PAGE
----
A) Unbundling:

24. The Government in September 2012, ordered for unbundling of JKPDD and setting up of one transmission company, two distribution companies (one each for Kashmir and Jammu divisions) and one trading company with the function of a holding company.

25. Accordingly, four companies viz. a) Jammu & Kashmir State Power Transmission Company Limited b) Jammu & Kashmir State Power Trading Company Limited c) Jammu Power Distribution Company Limited and d) Kashmir Power Distribution Company Limited have been set up.

26. However, unbundling continues to be a work in progress as the newly formed companies are yet to take charge of their respective functions. Unbundling will ensure transparency and efficiencies in operation and reduce the costs with concomitant gains to the consumers. The Government is committed to taking the process of unbundling of the Department further without prejudicing the service conditions of any of the employees.

B) Distribution Reforms:

27. In terms of distribution reforms, the following schemes are presently underway at various stages of implementation in Jammu & Kashmir:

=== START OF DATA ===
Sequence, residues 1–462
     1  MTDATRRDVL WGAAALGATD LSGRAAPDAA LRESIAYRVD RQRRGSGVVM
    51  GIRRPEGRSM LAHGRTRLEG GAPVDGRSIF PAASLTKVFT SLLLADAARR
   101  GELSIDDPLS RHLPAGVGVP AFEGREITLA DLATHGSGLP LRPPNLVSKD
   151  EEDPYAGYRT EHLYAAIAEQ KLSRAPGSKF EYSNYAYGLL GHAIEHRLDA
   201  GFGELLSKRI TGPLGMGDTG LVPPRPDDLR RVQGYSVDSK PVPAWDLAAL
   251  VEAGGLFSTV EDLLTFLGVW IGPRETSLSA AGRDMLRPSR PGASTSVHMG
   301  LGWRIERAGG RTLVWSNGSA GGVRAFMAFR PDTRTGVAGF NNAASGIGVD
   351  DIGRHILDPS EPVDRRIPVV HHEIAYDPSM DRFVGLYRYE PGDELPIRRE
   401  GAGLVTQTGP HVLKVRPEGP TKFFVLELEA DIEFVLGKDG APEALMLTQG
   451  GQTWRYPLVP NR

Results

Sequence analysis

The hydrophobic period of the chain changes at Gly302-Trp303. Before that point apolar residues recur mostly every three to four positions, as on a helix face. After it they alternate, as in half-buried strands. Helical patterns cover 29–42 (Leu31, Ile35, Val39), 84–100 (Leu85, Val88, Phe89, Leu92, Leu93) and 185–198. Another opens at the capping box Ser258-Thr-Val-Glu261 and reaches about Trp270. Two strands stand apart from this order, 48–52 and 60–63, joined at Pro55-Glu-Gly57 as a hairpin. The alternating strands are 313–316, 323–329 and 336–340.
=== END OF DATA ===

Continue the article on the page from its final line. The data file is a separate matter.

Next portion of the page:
Rural Electrification Schemes:

RGGVY and DDUGJY
JKPDD’s plans for extending the distribution network to rural areas are mainly covered through works proposed under the RGGVY and DDUGJY schemes of Government of India. Out of the 6,337 villages in the State, 98.3% i.e. 6,231 villages have been electrified while 1.7% i.e. 108 villages are still un-electrified which are covered and sanctioned under DDUGY and RGGVY.
During the 12th Plan period, the fund layout for RGGVY of Rs. 101.28 crore for 25 un-electrified villages has been approved. Further, the State has proposed electrification of remaining villages under DDUGJY scheme covering 83 un-electrified villages with a fund layout of about Rs. 619.67 crore. The project is to be implemented by 2017-18.

Urban Electrification Schemes:

Integrated Power Development Scheme (IPDS) and R-APDRP. Under R-APDRP, 30 towns (19 in Kashmir & 11 in Jammu) with a population of above 10,000 as per 2001 census have been identified as project areas in the State. GoI has sanctioned Rs 191.25 crore for part-A and Rs 1,665.27 crore for part-B under the R-APDRP scheme on 90:10 funding. The State share shall be funded through State Capex Budget.

The DPR for SCADA / DMS for Srinagar and Jammu cities has been approved by GoI at an estimated cost of Rs. 52.89 crore. For execution of Part-B of the program, 2 cities and 28 towns have been divided into nine clusters, 4 in Jammu Division and 5 in Kashmir Division. The ground level implementation in the key cities has already commenced and shall be completed during the year 2016.